Plea for lorry rear view cameras after death of motorcyclist
A GRIEVING family wants all lorries to be fitted with rear-view cameras following the death of a much-loved father and husband.
Experienced motorcyclist Michael Ellis stopped in the blindspot behind a large lorry just before it started reversing, an inquest heard.
The workshop manager was dragged 80 metres under the rear of the HGV before its driver realised there was something wrong, Gloucestershire Deputy Coroner David Dooley was told at the county coroner's court.
Mr Ellis, 41, of Willow Close, Woodmancote, died at the scene near Moreton-in-Marsh from multiple injuries, and the coroner recorded a verdict of accidental death.
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Following the hearing, his wife Barbara said: "We are still trying to come to terms with his loss. His sudden and tragic death has left his family and friends in deep shock.
"He was brought up in a family of bikers and has been riding all his life. He loved nothing more than tinkering with bikes and restoring them.
"With the youngest of our three children in the middle of her finals at university, Mike and I had spent the weekend before he died planning the rest of our lives together."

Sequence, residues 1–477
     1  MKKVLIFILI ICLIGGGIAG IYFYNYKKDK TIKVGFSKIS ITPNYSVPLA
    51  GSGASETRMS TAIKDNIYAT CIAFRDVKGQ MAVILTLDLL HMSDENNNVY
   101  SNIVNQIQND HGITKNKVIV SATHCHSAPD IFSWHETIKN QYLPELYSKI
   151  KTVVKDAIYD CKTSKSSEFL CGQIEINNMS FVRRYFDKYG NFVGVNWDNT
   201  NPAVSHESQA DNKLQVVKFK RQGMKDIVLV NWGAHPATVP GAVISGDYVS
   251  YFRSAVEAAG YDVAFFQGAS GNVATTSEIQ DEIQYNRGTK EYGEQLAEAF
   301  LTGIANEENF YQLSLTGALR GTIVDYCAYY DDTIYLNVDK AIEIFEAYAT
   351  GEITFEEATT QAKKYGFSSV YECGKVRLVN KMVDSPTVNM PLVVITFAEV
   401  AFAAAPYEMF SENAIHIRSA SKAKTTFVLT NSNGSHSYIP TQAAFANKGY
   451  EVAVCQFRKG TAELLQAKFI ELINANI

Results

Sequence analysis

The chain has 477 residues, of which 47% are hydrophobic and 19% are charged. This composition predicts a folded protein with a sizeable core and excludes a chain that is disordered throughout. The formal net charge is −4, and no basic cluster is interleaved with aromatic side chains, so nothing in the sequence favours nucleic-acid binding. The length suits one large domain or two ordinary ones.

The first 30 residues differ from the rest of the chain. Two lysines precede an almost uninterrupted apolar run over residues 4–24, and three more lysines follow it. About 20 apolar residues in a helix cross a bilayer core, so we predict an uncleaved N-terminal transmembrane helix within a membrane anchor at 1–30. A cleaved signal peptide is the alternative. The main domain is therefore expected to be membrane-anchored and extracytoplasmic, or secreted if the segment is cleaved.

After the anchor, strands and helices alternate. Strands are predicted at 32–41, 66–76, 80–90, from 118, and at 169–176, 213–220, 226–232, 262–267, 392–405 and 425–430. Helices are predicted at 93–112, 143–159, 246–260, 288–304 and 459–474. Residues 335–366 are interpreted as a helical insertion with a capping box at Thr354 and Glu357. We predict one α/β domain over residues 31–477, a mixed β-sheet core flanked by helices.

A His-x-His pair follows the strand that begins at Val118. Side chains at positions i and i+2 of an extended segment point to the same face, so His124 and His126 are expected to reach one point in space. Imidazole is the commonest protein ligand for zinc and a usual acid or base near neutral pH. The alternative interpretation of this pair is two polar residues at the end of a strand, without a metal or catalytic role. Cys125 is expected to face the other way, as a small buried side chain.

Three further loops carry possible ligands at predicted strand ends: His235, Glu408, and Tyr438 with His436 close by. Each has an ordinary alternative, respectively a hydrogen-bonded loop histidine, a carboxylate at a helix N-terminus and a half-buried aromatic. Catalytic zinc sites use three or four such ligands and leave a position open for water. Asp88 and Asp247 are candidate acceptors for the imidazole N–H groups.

She said she hoped lessons would be learned, and drivers unable to see behind them would stop and consider whether it was safe to reverse, making sure their intention was clear.
She said a campaign should also be started to require all lorries to have rear-view cameras fitted.
Currently, not all lorries are equipped with them.
The inquest heard that Mr Ellis, a former RAC patrolman, worked for Watsonian Squire at the Northwick Business Park near Blockley.
When the accident happened on April 2, he was road-testing a customer's bike in the business park.
Lorry driver Geoffrey Nicholls, who works for Palletline, was looking for an address in the park for a delivery.
He said he drove within the speed limit, regularly checking his mirrors, then thought he had gone too far, so stopped to reverse and ask for directions.
He put his rigid 18 metres-long HGV into reverse and checked his mirrors, which were clear, before starting to slowly reverse.
The vehicle had reversing lights and an audible warning which were both working, but he had the cab windows closed and he heard nothing.
He only realised something was wrong and stopped when he saw one of the motorbike's wheels in his mirror.
Accident investigator Darren Williams found that Mr Ellis had ridden up behind the lorry, right into the large blindspot where he was completely invisible to Mr Nicholls. Mr Williams said Mr Ellis had no time to get out of the way.
Summing up, Mr Dooley said in such situations, the Highway Code advised bikers to position themselves to one side or the other of the HGV so that they could be seen.
"But Mr Ellis appears to have stopped without being visible in the HGV's mirrors on this occasion," he said.
Speaking from her Woodmancote home yesterday, Mrs Ellis, 48, said she was moving away from the home she and Mr Ellis had shared.
She said: "He would do anything for anyone. People came knocking on the door, and he would always go to help out. He was that sort of person. He would help tow people out of snow drifts.
"I'm still feeling torn apart. I can't bear to be here, there are too many memories around here with his workshop."